And while the government drifts, devoid of the desired definitional ballast, the generation stationed above the newer arrivals prosecutes their 20-year-old factional and personality feuds, and manages the ongoing transaction costs associated with the last leadership change in 2015.
Some of the new generation of Liberals are intent on not falling down the same destructive wormhole as the veterans, and bristle when they are used as bait in frolics like this week’s so-called Monash Forum, which is both a real thing (more of that shortly), and a shopfront for internal mischief.
Perhaps these folks will alter their current inclination not to repeat the mistakes of their elders if proximity to a federal election, and a persistent negative poll trend, begins to create internal panic – but at the moment, the people we are talking about have zero interest in a change of leadership.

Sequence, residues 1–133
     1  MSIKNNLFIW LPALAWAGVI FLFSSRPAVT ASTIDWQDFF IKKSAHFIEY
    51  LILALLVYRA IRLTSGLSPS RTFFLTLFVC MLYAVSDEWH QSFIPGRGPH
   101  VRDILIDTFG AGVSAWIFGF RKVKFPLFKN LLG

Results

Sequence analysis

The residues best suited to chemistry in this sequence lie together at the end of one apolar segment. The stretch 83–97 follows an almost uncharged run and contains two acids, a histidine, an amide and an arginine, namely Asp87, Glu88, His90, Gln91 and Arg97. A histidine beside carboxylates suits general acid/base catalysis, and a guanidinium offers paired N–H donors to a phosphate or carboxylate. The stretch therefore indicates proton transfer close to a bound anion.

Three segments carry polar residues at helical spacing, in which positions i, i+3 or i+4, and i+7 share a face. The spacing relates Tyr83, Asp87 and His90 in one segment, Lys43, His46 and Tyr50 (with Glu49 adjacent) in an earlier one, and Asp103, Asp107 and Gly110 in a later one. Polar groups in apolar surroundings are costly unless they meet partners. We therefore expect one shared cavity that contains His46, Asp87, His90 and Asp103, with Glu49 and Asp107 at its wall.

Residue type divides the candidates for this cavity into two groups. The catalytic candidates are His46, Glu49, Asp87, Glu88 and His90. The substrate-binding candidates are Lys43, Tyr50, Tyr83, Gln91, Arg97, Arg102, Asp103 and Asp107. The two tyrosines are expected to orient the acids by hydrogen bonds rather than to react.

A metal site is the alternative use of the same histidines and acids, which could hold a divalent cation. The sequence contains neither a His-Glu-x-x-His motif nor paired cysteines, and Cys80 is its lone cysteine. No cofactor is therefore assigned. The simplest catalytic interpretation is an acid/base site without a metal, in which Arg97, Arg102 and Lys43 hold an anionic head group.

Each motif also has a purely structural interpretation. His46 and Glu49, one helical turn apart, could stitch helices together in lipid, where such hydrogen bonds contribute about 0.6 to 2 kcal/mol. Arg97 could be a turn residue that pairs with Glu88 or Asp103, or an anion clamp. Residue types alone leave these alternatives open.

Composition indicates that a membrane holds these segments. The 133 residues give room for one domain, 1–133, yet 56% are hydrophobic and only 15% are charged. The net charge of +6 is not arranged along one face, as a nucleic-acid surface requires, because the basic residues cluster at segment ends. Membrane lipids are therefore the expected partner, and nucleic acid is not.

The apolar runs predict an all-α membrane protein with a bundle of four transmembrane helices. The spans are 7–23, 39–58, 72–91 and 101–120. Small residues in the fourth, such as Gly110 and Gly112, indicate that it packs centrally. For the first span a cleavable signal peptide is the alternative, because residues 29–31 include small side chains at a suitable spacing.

This group views the last leadership change as one of the reasons the government can’t ever clamber out of the deep ravine it’s fallen into. Every time Malcolm Turnbull looks like he might be able to get some traction, a bout of internal mischief ensues, hijacking the conversation, and reinforcing public perceptions of a riven and directionless government.
The government is entering a strange week, even in our deeply strange political times. There will be a fixation on one milestone™ poll as if it means something. Of course it means nothing.
If the next Newspoll is bad, it’s just one more in a hard-baked negative trend. Thirty losses in that particular survey. We are up to 77 straight losses in our Guardian Essential poll series.